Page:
It is so nice to see such lush growth in spite of all the season has had thrown at it. I just wish it was like that across the whole melon bed.

Corn:  I don’t really want to talk about it.  The wind shredded it, just as the tassels were releasing the pollen onto the silks.  I’ve left them in to see what happens but don’t have high hopes.

Windswept corn
I have left the bedraggled corn in place … just in case, and having had a quick look, I’m thinking there might just be a slim chance.

Peppers:  The poor peppers.  They have been nailed in every storm, it must be the location of that bed… in line of sight of the gate and beyond that the wind tunnel that is the side of the house.  They seem to be rallying after a liquid feed.  I think at the end of the season I will bring them into the dome and nurse them over the winter and replant them again next season to get a better start and make up for the possible lack of harvest this season.

Pepper flowers
The peppers seem to be rallying… again. It is so encouraging to see them flowering, I may get fruit yet.

Salad:  I am pleased to say I have lettuce plants in various stages of growth – ready to eat, small plants and teeny tiny ones.  It should be enough for us to keep up with.

Iceberg lettuce
It may be a a little battered around the edges, but this iceberg lettuce is good to go.

That was a good day in the garden.  I really thought I was beginning to make some headway and started to feel good about the garden again.  I seem to have a bit of a love hate thing going on here. One moment it is breaking my heart and the next it is inspiring and encouraging me!

Come again soon – hopefully the next post will wrap things up in a neat little bow – but probably not.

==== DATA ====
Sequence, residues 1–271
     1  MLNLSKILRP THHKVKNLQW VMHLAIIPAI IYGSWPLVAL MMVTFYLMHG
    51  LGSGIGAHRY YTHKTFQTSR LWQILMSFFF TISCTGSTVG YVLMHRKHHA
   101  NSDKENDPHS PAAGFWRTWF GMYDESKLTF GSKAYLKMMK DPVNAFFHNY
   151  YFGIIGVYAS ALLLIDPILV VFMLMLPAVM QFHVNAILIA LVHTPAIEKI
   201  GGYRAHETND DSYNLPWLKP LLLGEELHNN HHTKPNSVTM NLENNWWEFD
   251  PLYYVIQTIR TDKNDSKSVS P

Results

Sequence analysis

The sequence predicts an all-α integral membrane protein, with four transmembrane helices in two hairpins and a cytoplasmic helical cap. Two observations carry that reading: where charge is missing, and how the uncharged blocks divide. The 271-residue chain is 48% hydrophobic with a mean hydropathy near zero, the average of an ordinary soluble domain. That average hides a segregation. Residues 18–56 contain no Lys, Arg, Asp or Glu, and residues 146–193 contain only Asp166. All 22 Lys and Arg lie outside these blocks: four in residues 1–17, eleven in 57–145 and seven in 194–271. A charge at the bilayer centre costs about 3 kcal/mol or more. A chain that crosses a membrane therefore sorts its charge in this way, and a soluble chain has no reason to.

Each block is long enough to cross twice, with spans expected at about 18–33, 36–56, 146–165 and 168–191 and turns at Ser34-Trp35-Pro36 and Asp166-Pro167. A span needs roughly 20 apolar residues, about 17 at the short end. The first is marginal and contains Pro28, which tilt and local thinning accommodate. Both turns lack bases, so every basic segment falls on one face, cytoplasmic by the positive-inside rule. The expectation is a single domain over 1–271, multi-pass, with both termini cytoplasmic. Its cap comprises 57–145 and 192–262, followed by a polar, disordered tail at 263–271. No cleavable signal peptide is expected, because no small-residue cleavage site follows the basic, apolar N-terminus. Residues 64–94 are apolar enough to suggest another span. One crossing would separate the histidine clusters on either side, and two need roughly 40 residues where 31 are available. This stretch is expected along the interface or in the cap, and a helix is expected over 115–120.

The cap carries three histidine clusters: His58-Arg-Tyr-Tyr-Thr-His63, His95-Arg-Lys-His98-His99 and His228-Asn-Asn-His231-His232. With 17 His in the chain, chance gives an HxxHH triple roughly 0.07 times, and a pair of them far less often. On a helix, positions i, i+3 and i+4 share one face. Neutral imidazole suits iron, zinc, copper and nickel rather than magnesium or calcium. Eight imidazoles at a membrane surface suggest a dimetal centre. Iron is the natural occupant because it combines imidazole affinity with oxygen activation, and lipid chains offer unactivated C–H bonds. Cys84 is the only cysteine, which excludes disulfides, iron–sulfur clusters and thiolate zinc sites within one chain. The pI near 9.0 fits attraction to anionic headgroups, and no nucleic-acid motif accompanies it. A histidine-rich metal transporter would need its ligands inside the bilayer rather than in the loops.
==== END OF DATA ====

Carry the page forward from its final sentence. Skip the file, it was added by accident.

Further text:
Sarah the Gardener  : o)

9 thoughts on “The state of the Garden   Part Two of Three (or possibly four)

  1. Hi Sarah. I saw you have tied back your Courgettes to a pole. I just recently heard about this. Mine gave been fruiting just a few weeks and are not enormous plants yet. Should i give it a go? What kind of ties do you use on them?

    1. Zucchini are not natural climbers so you need to be very careful so you don’t snap the main stem. So start as soon as it gets a bit of length on it and wrap the cord around the stem, put a couple of twists in it – so it doesn’t rub directly against the pole and gently pull it towards the pole and tie it in tight. I use the stretchy tree tie cloth sold in balls at the garden centre – but use it doubled over for zucchini. Make sure you pole is sturdy and well secured as zucchini plants can get very heavy. I hope this helps. : o)

  2. I just love the outlook of your garden! Despite all the odds, it’s great seeing where things are going with your garden!

  3. Lettuce too! It must be nice. I grow very little. It happens to be another one of the few vegetables that takes a bit of extra work to do well here.

      1. That is what we did at a former garden. We just kept cutting it while it was young, but had enough not mind cutting out the big ones. I have not grown it here yet. (I may just do without it in the garden, because there are so many other greens outside the garden.)